The group consists of five almost complete letters and a number of fragments of similar letters. Each letter was folded several times and bore the names of the sender and addressee on the outside. Most were tied with string; one letter was wrapped in silk and enclosed in an envelope of coarse cloth addressed to Samarkand.


ANCIENT LETTERS, name conventionally applied to a group of Sogdian paper documents; discovered in 1907 by Sir Aurel Stein. They were found in the ruined watchtower T.XII.a (see Figure 1) on the Chinese frontier wall which formerly guarded the route between Tun-huang and Lou-lan. The group consists of five almost complete letters and a number of fragments of similar letters. Each letter was folded several times and bore the names of the sender and addressee on the outside. Most were tied with string; one letter was wrapped in silk and enclosed in an envelope of coarse cloth addressed to Samarkand, 2000 miles to the west. From the letters themselves it may be deduced that at least two were written in Tun-huang and one in Kutsang. The inference that they represent the contents of a “mailbag” lost or abandoned in transit from east to west accords well with the general tenor of the letters, which seem to consist largely of reports to wealthy Sogdian merchants by their representatives abroad.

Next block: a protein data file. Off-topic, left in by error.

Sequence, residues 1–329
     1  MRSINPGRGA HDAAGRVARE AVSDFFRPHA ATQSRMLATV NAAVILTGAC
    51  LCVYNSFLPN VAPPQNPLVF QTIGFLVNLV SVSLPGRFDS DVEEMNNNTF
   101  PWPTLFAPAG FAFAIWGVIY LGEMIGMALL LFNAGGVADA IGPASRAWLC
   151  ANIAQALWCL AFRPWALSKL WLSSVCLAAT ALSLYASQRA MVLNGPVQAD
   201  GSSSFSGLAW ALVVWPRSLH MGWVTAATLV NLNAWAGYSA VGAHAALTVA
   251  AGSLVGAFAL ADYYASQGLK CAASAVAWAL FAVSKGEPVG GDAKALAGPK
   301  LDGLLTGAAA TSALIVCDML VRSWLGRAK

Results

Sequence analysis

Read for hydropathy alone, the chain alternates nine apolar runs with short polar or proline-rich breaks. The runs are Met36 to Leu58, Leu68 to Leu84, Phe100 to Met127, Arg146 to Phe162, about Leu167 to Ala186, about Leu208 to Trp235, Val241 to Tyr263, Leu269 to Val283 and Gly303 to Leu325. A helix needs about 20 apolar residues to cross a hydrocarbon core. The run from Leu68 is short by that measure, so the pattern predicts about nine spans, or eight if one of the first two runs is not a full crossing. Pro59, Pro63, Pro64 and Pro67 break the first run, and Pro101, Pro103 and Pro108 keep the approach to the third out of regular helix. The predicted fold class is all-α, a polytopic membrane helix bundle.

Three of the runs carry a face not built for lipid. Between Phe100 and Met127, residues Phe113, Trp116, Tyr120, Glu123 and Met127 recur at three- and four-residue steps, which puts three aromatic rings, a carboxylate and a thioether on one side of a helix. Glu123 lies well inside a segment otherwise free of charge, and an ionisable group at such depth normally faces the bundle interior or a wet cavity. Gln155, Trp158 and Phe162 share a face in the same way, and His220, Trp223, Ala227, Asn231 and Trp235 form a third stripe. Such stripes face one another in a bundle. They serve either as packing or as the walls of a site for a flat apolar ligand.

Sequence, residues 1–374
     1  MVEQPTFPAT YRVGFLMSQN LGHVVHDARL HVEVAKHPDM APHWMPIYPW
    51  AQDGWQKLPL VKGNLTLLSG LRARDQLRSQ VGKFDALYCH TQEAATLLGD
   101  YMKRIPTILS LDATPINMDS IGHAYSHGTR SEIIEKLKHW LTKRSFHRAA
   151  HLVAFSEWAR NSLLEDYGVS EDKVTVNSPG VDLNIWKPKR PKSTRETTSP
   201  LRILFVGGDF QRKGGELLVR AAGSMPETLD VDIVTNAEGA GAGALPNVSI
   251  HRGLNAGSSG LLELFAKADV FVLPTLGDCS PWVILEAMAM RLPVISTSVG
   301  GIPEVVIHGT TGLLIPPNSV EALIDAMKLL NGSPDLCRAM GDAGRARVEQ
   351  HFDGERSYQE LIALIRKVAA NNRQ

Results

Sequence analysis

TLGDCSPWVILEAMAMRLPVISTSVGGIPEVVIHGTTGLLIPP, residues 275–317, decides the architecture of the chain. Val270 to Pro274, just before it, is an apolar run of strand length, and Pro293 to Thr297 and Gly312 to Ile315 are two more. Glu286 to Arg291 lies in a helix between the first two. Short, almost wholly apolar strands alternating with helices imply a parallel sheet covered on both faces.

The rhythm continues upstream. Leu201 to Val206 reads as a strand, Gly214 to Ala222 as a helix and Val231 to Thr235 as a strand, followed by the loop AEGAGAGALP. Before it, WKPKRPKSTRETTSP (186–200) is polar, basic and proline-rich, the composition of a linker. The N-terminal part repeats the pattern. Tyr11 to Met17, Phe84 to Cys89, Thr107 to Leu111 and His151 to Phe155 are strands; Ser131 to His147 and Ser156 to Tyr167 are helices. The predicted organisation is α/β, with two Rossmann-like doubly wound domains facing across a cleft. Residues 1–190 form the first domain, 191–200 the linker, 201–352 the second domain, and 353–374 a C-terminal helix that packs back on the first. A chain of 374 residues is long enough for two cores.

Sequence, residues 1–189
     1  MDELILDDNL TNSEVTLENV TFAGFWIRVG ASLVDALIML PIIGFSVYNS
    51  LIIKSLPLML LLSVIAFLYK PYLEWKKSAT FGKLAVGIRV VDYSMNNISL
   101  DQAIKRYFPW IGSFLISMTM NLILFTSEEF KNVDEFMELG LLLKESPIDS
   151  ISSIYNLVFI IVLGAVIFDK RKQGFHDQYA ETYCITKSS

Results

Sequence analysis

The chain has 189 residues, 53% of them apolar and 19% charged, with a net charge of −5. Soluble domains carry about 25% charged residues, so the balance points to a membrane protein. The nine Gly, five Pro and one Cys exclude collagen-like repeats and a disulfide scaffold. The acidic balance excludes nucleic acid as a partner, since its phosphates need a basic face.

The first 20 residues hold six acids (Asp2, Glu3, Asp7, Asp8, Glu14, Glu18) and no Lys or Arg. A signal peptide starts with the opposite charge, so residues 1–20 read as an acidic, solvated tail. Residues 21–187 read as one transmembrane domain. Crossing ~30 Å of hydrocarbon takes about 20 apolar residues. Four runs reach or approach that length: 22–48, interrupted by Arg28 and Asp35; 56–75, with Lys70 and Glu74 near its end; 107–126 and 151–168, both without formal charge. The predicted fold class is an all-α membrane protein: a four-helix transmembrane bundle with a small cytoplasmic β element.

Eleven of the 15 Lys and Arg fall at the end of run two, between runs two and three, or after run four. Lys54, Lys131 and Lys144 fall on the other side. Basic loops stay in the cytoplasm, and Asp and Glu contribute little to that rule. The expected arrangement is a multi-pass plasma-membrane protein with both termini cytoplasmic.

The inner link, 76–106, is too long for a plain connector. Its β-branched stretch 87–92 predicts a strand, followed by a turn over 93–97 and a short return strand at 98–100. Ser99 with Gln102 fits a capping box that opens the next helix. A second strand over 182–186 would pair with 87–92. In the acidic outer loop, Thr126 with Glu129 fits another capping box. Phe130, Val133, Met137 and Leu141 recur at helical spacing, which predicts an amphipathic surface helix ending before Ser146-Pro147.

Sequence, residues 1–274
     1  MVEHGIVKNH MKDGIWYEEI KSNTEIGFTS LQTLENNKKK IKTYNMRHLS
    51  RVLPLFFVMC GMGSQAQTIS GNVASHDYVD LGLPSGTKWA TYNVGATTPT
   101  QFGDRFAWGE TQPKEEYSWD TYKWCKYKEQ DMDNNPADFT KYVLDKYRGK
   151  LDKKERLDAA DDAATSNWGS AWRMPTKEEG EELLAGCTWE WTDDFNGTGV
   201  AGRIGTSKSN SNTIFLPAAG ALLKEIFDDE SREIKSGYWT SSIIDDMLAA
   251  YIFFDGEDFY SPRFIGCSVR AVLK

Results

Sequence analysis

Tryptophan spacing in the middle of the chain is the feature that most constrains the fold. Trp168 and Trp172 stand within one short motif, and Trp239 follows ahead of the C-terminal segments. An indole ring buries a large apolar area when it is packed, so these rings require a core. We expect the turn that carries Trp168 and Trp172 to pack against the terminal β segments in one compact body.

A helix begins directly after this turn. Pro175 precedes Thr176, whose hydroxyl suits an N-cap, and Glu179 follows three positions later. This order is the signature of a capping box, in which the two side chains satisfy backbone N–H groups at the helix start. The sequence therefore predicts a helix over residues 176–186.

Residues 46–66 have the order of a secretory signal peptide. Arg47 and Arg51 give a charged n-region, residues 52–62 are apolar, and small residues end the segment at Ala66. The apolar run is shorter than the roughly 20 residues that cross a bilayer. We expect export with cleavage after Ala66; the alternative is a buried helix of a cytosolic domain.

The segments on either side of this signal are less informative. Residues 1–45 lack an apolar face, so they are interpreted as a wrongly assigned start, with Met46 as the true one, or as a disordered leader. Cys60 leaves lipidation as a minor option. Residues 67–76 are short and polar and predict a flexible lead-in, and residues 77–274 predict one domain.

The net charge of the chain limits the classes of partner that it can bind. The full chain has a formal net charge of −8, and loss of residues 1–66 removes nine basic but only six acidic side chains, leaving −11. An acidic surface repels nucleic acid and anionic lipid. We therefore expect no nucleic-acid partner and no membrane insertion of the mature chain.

At one time the Ancient Letters were thought to have been written within a few decades of the Chinese invention of paper in 105 A.D. and thus to be the oldest paper documents in existence. Although they are now attributed rather to the beginning of the 4th century (see below), the letters retain their importance both as primary sources for the early history of the silk route and as the most ancient monuments of the Sogdian language.